It can be hard, especially amidst the current administration, to pinpoint those truly remarkable, scandal-ridden days upon which an entire presidency hangs in the balance — but yesterday, September 6, is a strong contender. Between the disastrous Brett Kavanaugh hearings in the Senate, the fallout from an anonymous New York Times op-ed written by one of Trump’s own senior officials, and the continuing slow drip of damning excerpts from a new tell-all book by renowned journalist Bob Woodward, Thursday was a real doozy.
And that’s before we even got to the latest revelations in the Trump administration’s very first scandal: the size of Trump’s inauguration crowd.
When this administration first took over (I think this must have been back sometime during the Bronze Age), the very first press briefing by then press secretary Sean Spicer focused on one very simple and easy-to-answer question: Was the audience for Donald Trump’s inauguration the largest ever?
The answer, of course, is no. It’s not even close. During the event itself, most Americans got a good laugh when photos began circulating comparing the sparse attendance of Donald Trump’s inauguration with the first inauguration of President Barack Obama eight years prior. No expert analysis or meticulous inspection of the photos was needed: The National Mall in Washington, D.C. was barely visible beneath a sea of people in 2009. In 2017, on the other hand, you could fit a few pickup football games in the empty fields where people normally would stand.
The photos were embarrassing to be sure, especially for a man as thin-skinned as Donald Trump, who has sued people for insinuating he is not as rich as he lets on. But had the White House simply taken the L and moved on, the story would have been lost to memory after a few days. Instead, Trump demanded his loyal sherpa Sean Spicer appear on national television and lie repeatedly.
Which brings us to a report in the Guardian on Thursday that uncovers new details, some 20 months later, of just how far the administration — including Donald Trump — was willing to go to deceive the American people.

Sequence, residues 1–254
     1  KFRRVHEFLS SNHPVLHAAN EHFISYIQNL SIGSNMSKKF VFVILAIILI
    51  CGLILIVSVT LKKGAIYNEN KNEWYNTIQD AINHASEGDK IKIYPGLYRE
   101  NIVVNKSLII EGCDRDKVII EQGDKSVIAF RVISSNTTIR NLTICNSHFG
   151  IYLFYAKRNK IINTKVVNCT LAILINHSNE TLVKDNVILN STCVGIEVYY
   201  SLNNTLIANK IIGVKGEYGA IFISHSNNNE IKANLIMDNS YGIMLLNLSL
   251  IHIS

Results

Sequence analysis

Newly released documents obtained by the Guardian show that while most White House staff were still moving into their new offices, Donald Trump himself was demanding the National Park Service — which is responsible for, among other things, taking official photographs of events held on the National Mall — edit pictures taken during the inauguration to make the crowd appear less empty.
The documents obtained by the Guardian don’t include the photographs themselves, so it’s hard to know the extent to which any photographs were selectively edited, or indeed whether any manipulated photos were ever made public by the White House. But the reports clearly state that Donald Trump and Sean Spicer personally spoke with the acting director of the NPS Michael Reynolds and requested photographs that showed more people on the Mall.
The reports — published by the office of the Inspector General and released to the Guardian via Freedom of Information Act request — detail how NPS communications officials tried to satiate Donald Trump by instructing the photographer assigned to the event to go back and “edit a few more” photographs from the inauguration, in addition to the 25 he submitted on the day of the event.
The photographer submitted a second round of photos that were more carefully cropped to make it appear as though there were additional crowds out of frame.
The request for edited photographs was curiously omitted from the final report that was published by the Inspector General’s office in June.
With the benefit of hindsight, these revelations might not register as much of a surprise. Since Day 1 of his campaign, Donald Trump has lied about virtually everything, from the height of his buildings to his involvement in payments to the adult film star he had an affair with.
But these newly disclosed, behind-the-scenes machinations by government officials do point to something more nefarious than simple fabrication — they offer a glimpse of just how far Donald Trump and the people in his orbit will go to buttress their lies. It is not a large leap to go from doctored photographs to digitally manipulated video or audio in the service of muddying the truth. And that is the point at which the federal government will have engaged in actual, non-hyperbolic propaganda against its own citizens.
Trump’s base of extremely online white supremacists already engage in a primordial version of this on a daily basis — crudely photoshopping screenshots of cable news and changing a few numbers on a poll to make Trump appear more popular than he is. Among the perpetrators: Trump’s large adult sons, who shared one such screenshot comparing their father favorably to President Obama, before quietly deleting it hours later. Knowing this is what allows Donald Trump to stand on stage and recite wholly fabricated poll numbers as fact.
Since the White House’s insistence — in the face of photographic evidence — that Donald Trump outdrew Barack Obama on inauguration day, the lies have somehow gotten more brazen and, predictably, more volatile. When the eulogy for the Trump Administration is finally written, its original sin will be but a footnote in a large saga of corruption, incompetence, and moral emptiness. But thanks to Trump’s unfathomable insecurity, it won’t be forgotten.